Army: Problems found with more than 200 graves at Arlington
Stars and Stripes
ARLINGTON, Va. — At least 211 people are buried in unmarked or misidentified graves at Arlington National Cemetery, top Army officials announced on Thursday.
“There could in fact be more,” said Lt. Gen. R. Steven Whitcomb, Army Inspector General, who said two of the problem grave sites are in Section 60, home to Iraq and Afghanistan fallen.
Whitcomb and Army Secretary John McHugh announced the findings of an inspection of operations at Arlington that found the cemetery is hampered by “dysfunctional management,” McHugh said.
The report notes problems including remains in graves listed as empty, unmarked graves and improperly handled cremated remains.
“That all ends today,” he said.
The Army has established a new executive director to oversee management at Army cemeteries and address the problems raised by the report, he said.
Retiring Arlington Superintendent John Metzler is receiving a reprimand and his benefits could be reduced, McHugh said. Metzler’s deputy, Thurman Higginbotham, is on administrative leave “pending the completion of other personnel actions.”
McHugh bristled when asked why no one was fired outright for the failings cited in the report.
“First of all, the 211 graves have not been ascribed against any individual,” McHugh said.
There is also a process that the Army must follow on such matters, he said.
“As to Mr. Higginbotham, as I said, there is a due process that he entitled to and we are following forward with that and it is custom and, I think, appropriate that we provide to him his due as to presumptions of innocence and we don’t talk about what he did and what he is accused of … until that is completed,” McHugh said.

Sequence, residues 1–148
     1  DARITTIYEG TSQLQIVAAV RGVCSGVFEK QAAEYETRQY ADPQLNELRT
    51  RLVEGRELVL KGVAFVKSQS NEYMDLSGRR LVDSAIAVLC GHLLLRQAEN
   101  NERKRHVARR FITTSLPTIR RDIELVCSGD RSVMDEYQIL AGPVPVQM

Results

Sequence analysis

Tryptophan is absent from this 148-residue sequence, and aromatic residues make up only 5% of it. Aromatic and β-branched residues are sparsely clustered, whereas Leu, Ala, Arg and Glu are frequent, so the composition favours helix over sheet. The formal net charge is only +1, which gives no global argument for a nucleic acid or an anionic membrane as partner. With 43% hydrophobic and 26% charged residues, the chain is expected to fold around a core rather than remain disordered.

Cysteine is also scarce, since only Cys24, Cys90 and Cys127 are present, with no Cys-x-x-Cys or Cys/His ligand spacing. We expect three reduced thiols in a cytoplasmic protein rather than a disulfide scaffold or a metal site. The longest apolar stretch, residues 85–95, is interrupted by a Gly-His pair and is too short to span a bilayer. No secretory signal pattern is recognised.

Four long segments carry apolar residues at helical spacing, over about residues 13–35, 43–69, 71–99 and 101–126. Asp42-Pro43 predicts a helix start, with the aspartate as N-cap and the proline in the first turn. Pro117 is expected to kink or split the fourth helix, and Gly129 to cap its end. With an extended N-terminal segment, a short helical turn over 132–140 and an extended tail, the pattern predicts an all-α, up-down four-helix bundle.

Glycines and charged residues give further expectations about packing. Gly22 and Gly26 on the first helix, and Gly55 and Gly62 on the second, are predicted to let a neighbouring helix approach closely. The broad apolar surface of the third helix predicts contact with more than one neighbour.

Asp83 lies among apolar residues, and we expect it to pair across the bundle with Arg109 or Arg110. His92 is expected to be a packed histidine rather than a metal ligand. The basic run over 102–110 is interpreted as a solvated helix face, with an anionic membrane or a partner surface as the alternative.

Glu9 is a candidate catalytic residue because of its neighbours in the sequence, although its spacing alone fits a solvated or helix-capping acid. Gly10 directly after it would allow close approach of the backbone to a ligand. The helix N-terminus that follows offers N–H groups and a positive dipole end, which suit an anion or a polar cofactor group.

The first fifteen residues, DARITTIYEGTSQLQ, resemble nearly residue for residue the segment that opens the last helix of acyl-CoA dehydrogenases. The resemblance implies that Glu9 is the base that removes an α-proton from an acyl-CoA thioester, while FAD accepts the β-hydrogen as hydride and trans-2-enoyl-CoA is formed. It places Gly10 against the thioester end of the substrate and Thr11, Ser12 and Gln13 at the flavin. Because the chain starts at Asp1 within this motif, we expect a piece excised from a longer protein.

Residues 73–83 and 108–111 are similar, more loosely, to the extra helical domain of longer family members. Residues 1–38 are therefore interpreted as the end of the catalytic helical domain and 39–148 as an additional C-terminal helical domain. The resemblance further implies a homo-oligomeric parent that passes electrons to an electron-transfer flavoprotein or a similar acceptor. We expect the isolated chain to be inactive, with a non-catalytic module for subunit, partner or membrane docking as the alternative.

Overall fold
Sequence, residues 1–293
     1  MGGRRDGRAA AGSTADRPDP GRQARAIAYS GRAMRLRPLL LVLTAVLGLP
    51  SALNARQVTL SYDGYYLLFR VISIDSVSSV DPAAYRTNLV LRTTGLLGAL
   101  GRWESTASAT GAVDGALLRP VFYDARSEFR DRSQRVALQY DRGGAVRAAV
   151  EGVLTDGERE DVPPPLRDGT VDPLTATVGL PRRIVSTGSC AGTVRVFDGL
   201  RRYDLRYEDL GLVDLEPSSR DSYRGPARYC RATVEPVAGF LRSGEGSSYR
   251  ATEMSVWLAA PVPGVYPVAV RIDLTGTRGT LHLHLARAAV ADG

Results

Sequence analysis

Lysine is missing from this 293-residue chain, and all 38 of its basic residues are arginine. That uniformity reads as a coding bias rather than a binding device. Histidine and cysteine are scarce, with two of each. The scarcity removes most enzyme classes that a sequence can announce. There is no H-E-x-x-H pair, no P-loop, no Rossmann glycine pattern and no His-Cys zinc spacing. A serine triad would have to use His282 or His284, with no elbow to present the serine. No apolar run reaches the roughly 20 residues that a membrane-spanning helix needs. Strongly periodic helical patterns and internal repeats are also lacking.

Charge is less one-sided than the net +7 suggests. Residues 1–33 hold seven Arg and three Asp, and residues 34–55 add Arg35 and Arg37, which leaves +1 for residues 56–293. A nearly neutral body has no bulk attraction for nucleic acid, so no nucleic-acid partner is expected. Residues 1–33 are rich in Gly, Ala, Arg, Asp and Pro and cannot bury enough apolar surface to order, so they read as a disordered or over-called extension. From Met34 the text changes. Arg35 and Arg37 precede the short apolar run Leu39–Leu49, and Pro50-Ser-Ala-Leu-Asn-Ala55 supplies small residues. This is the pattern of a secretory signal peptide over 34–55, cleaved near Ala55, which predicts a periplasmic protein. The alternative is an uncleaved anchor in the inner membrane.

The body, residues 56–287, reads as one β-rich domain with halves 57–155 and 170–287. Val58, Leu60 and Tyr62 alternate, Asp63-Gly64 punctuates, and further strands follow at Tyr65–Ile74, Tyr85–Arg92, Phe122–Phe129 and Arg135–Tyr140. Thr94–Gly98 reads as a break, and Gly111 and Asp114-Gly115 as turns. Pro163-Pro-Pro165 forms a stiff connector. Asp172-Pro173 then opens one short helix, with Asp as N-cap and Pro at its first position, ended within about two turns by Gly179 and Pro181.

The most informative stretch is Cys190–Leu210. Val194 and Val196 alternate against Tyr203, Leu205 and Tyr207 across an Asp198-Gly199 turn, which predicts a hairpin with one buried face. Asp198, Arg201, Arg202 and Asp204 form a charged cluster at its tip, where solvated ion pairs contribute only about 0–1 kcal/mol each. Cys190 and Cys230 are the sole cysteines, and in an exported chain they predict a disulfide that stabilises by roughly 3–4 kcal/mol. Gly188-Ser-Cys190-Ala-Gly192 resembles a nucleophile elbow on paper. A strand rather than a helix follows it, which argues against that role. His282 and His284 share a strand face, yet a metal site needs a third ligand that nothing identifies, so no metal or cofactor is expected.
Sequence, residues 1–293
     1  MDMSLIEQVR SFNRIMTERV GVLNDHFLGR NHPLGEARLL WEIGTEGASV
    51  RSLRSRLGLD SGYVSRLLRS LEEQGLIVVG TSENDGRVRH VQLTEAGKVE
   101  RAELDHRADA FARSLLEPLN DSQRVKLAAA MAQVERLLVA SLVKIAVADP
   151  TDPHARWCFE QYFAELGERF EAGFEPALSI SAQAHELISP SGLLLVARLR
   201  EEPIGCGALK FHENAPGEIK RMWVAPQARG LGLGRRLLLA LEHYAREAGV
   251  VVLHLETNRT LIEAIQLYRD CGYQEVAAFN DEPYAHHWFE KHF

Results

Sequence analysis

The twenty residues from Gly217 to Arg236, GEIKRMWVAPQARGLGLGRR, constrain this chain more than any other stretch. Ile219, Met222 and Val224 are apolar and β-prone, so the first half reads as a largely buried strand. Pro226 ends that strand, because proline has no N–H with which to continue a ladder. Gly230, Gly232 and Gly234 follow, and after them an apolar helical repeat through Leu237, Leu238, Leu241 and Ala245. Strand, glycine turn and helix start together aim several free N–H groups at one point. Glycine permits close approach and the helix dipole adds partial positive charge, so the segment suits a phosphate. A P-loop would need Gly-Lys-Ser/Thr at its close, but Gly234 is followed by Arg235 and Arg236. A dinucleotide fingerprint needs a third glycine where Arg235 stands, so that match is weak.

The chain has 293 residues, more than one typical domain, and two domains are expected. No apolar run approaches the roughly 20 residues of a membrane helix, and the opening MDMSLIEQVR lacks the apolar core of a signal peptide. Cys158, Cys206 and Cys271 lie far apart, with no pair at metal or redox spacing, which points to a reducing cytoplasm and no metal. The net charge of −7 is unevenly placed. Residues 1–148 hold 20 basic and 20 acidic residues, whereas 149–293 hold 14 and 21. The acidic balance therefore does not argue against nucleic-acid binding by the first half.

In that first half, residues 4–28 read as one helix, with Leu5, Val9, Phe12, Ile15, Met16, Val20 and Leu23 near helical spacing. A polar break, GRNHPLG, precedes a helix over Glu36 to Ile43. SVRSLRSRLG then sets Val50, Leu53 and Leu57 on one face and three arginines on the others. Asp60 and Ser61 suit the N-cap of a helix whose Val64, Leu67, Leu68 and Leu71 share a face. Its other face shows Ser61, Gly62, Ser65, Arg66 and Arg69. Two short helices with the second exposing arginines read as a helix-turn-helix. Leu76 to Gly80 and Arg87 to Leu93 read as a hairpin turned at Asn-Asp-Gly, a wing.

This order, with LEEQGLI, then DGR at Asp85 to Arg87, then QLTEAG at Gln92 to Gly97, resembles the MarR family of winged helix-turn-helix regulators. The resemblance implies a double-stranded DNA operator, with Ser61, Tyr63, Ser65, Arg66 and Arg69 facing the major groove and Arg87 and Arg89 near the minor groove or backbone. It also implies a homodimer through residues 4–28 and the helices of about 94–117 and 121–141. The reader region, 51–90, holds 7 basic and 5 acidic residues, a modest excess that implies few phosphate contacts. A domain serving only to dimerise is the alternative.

The House Armed Services Committee will conduct its own investigation into problems at Arlington National Cemetery, according to a news release from Rep. Ike Skelton, D-Mo.
“Arlington National Cemetery is a sacred shrine and it breaks my heart to learn about mismarked gravesites, mishandling of remains, missing documentation, and failures to notify next-of-kin,” Skelton said in a news release. “This conduct is disgraceful and cannot be tolerated.”
McHugh’s voice wavered as he offered an apology Thursday for the problems that the inspection uncovered.
“As to the negative findings of the report, there is simply no excuse,” he said. “And on behalf of the United States Army and on behalf of myself, I deeply apologize to the families of the honored fallen resting in that hallowed ground who may now question the care afforded to their loved ones.”